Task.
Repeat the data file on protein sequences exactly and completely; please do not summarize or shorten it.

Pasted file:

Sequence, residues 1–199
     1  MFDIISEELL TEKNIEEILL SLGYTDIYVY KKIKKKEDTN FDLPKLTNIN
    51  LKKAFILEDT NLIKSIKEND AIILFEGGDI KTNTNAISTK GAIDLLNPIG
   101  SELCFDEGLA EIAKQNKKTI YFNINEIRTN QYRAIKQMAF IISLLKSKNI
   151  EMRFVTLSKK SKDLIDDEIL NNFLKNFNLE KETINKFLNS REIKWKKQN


Sequence, residues 1–199
     1  MFDIISEELL TEKNIEEILL SLGYTDIYVY KKIKKKEDTN FDLPKLTNIN
    51  LKKAFILEDT NLIKSIKEND AIILFEGGDI KTNTNAISTK GAIDLLNPIG
   101  SELCFDEGLA EIAKQNKKTI YFNINEIRTN QYRAIKQMAF IISLLKSKNI
   151  EMRFVTLSKK SKDLIDDEIL NNFLKNFNLE KETINKFLNS REIKWKKQN